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Basic signal analysis (system invertible)

  1. Feb 6, 2007 #1
    Ok I have this really simple question that is bugging me.

    Lets say you have the signal:

    y(t) = x(t-4)

    where y(t) corresponds to the output, and x(t) the input.

    I know this system is invertible, but I don't really know how to show that this is the case. I see that the output is x(t) with an independet variable transformation such that the input shifted by 4 units to the right. So if we shift the output four units to the left then we get the input without the independent variable transformation. I just don't know how to express what is going on here mathematically.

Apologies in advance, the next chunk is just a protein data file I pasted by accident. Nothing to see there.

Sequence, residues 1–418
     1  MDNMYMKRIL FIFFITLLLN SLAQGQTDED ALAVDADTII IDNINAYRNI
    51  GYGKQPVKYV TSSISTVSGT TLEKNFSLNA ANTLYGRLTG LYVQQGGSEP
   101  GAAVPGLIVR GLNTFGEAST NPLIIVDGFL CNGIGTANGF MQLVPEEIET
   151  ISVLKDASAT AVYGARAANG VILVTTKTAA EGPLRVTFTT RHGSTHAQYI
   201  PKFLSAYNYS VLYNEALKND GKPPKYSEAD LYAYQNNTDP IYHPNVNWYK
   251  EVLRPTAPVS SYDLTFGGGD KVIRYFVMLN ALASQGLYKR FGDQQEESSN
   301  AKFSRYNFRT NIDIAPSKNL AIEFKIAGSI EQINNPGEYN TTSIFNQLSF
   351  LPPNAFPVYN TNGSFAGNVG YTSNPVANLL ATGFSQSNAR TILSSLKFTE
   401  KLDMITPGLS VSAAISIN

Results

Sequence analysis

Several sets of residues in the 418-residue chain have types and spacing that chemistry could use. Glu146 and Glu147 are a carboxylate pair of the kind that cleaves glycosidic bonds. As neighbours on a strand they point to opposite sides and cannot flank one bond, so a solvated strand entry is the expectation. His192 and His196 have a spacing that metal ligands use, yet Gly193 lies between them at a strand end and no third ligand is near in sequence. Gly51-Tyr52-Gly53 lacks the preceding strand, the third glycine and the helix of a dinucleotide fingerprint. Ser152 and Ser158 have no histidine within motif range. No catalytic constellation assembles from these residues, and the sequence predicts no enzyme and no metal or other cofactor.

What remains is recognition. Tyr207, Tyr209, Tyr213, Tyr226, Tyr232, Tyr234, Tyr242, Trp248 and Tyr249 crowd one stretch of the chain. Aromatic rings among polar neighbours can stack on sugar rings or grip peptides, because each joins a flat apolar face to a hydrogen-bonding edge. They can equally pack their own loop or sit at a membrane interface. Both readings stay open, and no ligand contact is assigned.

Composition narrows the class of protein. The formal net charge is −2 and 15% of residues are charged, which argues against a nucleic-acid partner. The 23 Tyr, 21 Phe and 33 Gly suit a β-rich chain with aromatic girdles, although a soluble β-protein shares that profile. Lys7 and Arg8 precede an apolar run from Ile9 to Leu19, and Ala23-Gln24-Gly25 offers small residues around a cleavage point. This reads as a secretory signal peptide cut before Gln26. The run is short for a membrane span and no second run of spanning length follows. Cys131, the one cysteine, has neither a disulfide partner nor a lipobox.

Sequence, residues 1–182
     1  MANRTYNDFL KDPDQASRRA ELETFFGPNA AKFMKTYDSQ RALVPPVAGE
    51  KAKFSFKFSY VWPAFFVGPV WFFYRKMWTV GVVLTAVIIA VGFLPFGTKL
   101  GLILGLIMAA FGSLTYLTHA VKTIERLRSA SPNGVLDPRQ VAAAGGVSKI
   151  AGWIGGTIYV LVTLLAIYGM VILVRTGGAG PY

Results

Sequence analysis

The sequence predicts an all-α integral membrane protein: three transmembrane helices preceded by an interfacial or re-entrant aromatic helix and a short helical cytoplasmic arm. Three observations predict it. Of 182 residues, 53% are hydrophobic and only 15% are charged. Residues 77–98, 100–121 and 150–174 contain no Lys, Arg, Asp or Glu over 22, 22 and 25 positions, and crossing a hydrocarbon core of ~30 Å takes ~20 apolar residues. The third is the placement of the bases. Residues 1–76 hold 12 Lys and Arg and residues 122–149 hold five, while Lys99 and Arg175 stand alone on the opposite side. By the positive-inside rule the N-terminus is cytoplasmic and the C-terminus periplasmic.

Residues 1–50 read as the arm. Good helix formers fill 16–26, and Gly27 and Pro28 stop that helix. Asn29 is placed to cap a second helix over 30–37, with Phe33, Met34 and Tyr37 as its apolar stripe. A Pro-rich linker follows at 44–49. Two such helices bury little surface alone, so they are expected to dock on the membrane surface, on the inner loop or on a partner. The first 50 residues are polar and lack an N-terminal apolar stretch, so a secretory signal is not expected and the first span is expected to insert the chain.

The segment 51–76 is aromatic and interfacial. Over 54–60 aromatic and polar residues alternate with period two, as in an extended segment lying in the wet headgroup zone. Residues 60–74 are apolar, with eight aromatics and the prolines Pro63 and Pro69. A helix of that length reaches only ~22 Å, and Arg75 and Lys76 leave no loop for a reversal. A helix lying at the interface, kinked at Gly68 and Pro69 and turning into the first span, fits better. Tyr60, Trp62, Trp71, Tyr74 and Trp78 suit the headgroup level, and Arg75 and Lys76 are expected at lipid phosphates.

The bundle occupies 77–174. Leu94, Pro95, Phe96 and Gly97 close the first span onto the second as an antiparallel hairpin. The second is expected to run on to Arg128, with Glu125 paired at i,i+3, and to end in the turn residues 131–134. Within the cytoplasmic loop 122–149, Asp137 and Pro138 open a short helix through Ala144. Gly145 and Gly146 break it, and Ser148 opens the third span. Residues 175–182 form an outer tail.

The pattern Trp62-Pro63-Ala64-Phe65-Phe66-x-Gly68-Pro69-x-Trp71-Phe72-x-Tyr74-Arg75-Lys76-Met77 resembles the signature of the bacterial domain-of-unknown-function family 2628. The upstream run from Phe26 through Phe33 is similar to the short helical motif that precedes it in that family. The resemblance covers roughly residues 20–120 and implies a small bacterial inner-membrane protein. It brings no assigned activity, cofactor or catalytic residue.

Maybe I don't understand invertibility well enough to apply it.
    From what I gather it can be shown by,

    x(t) --> [system] --> y(t) = T{x(t)}
    y(t) --> [invert] --> T{y(t)} = x(t)

    I'm getting confused since the problem has x(t-4) in this case. I'm guessing I can show it with some type of function composition, but I need some help.

  2. jcsd
  3. Feb 6, 2007 #2


    User Avatar
    Science Advisor
    Gold Member

    You can make the substitution
    t' = t - 4
    so that
    x(t') = y(t'+4)
    The inverted function is non-causal, since you need to know future values of y to find the present value of x.
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